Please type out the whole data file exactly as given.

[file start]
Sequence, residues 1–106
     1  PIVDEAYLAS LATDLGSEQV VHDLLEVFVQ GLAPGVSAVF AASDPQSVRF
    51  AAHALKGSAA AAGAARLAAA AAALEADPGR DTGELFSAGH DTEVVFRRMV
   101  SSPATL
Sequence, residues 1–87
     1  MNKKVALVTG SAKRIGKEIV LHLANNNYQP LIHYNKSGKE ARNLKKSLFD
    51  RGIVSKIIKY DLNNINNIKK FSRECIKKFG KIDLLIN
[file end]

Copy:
Sequence, residues 1–106
     1  PIVDEAYLAS LATDLGSEQV VHDLLEVFVQ GLAPGVSAVF AASDPQSVRF
    51  AAHALKGSAA AAGAARLAAA AAALEADPGR DTGELFSAGH DTEVVFRRMV
   101  SSPATL
Sequence, residues 1–87
     1  MNKKVALVTG SAKRIGKEIV LHLANNNYQP LIHYNKSGKE ARNLKKSLFD
    51  RGIVSKIIKY DLNNINNIKK FSRECIKKFG KIDLLIN